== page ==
Public relations at its best acts as the conscience of a company.
Here’s what I mean. Companies often go through the painstaking exercise of crafting a mission or values statement. For example Starbucks adheres to the following values:
Creating a culture of warmth and belonging, where everyone is welcome.
Acting with courage, challenging the status quo and finding new ways to grow our company and each other.
Being present, connecting with transparency, dignity and respect.
Delivering our very best in all we do, holding ourselves accountable for results.
We are performance driven, through the lens of humanity.
Companies also spend an inordinate amount of time and money figuring what their brands should represent. This work can go on for weeks — or even months — backed by an unlimited supply of Skittles, Red Bull and focus groups.
Whether it’s values or a mission statement or brand attributes, it’s all theoretical as in this is how we want potential customers to perceive us. If they perceive us this way, there’s a high probability that they’ll buy our products or services.
In my PR Utopia, PR has a seat at the table — yes that table, the one made of thick mahogany where each chair has the trade-in value of a used Volvo — and a voice with the other executives who lead the company. This allows PR to ensure that decisions align with the company’s aspired values/mission/brand. If they don’t, PR has a platform on which to voice concerns and participate in a dialogue that adjusts or reconciles the issues.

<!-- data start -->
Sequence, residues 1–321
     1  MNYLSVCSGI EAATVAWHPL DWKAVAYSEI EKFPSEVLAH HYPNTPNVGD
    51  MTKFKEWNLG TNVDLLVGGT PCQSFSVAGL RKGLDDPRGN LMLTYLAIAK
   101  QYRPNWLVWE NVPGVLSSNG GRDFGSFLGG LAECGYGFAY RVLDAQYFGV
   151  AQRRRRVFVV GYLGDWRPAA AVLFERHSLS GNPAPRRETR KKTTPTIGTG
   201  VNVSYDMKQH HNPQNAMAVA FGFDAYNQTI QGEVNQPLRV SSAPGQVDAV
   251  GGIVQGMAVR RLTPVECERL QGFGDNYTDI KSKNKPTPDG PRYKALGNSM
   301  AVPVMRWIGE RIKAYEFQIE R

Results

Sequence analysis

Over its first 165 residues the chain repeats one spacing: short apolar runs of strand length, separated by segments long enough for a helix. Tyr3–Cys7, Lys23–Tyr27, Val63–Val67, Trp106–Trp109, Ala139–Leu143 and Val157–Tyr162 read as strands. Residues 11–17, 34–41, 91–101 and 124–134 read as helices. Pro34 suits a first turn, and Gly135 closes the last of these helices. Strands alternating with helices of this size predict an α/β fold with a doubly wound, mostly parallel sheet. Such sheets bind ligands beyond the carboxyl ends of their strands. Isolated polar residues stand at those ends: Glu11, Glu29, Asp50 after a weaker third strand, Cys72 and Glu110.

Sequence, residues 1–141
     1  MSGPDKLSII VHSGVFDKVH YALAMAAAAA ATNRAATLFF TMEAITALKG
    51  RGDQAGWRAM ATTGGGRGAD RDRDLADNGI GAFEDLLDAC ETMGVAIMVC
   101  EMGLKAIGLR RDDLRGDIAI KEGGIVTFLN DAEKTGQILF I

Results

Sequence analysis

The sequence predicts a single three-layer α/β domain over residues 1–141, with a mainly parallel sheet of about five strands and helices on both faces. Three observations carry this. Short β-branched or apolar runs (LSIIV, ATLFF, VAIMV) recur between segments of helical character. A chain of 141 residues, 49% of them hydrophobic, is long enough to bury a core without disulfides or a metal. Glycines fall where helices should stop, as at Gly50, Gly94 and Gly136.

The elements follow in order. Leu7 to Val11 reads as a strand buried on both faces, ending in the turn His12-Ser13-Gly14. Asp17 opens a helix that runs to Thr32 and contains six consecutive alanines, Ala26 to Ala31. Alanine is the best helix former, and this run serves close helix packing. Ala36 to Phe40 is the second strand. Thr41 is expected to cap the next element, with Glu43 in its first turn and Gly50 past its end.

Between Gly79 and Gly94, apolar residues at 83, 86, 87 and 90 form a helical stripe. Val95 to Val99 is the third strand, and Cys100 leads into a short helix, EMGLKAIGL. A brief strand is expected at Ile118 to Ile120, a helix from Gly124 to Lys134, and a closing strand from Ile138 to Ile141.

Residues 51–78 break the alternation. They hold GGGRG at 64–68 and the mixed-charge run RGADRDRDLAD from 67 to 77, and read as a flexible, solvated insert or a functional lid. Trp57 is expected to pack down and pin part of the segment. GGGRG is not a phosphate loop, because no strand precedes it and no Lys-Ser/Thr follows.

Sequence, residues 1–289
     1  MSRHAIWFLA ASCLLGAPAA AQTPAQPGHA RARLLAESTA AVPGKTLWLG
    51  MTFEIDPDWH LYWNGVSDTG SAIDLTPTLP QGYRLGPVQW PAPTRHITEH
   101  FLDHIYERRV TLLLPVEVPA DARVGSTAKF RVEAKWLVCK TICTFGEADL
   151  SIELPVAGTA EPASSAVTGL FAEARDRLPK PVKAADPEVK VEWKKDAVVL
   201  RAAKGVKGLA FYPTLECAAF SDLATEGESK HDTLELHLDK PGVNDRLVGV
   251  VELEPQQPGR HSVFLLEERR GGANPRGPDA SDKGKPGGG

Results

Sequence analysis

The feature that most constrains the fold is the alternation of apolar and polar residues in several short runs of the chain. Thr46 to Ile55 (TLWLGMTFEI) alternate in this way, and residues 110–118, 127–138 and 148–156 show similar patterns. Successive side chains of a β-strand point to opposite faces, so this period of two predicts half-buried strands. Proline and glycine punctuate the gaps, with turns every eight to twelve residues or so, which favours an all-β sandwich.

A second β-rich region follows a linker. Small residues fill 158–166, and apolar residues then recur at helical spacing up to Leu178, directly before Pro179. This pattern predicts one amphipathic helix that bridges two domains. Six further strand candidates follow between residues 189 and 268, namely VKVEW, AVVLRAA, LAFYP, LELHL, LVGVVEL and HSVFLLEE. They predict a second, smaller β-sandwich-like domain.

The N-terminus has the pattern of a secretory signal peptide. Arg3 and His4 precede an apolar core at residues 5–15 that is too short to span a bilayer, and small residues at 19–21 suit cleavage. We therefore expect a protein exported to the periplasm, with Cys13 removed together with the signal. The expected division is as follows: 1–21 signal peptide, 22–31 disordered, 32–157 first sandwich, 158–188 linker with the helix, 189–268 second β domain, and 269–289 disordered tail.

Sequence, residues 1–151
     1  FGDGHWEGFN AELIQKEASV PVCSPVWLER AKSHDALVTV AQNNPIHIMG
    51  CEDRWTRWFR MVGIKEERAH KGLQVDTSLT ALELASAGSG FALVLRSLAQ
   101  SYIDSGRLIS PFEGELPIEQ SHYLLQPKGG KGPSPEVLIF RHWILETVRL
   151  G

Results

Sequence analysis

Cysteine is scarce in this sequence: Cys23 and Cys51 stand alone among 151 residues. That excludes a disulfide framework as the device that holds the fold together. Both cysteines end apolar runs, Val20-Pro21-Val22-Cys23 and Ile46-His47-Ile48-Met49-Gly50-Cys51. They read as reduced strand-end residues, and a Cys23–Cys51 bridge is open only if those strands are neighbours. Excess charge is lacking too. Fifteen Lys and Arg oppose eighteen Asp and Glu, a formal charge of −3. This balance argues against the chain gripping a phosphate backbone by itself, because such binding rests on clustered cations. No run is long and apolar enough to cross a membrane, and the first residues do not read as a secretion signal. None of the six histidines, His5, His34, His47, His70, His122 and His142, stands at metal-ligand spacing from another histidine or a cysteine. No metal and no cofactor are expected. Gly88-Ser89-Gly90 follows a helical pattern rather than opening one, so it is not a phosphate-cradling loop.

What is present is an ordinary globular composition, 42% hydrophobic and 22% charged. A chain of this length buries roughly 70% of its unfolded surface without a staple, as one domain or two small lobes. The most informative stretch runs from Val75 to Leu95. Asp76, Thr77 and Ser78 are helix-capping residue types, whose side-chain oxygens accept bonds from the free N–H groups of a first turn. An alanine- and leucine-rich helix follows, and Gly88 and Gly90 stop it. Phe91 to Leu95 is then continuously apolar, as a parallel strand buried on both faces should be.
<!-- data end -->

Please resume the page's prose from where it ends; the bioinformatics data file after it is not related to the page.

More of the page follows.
This is the opposite of spin, making sure the actions — and the communication of those actions — reflect the inner makings of the company.
Remember, I said “PR Utopia.”
A guy can dream.
I’ve been thinking about this issue since listening to the presentation from Corey duBrowa, who heads global communications for Starbucks, at the Innovation Summit last month. His talk highlighted how social media exposed Starbucks for opening a new store that fell woefully short of Starbucks’ standards.
This goes deeper than PR having a seat at the table. Corey’s coffee mug sits on the same table as Howard Schultz’s. But does Starbucks have the type of culture that allows the PR folks on the front line to speak up? In other words, Corey, Howard and the rest of the Starbucks executive management team aren’t diving into the minutia of every new store. Yet, somewhere along the line someone from the communications team must have noticed the store set the ugly finder howling. Did this person speak up and challenge the status quo (in the company’s value statement)? Is the culture such that PR can challenge the company on an issue — the quality of a new store’s physical structure — that sits outside the conventional realm of PR?
Obviously, I don’t know the answer.
What I can share is that roughly seven months later, Starbucks took the action of renovating the Highlands store.
I suspect Starbucks PR machinery is gearing up to promote the Highlands Opening 2.0.
Sidenote: If you’re interested in how the debacle was covered last July, check out BusinessInsider’s “This Prison-Like Starbucks Is Being Mocked As The Most Depressing In America.”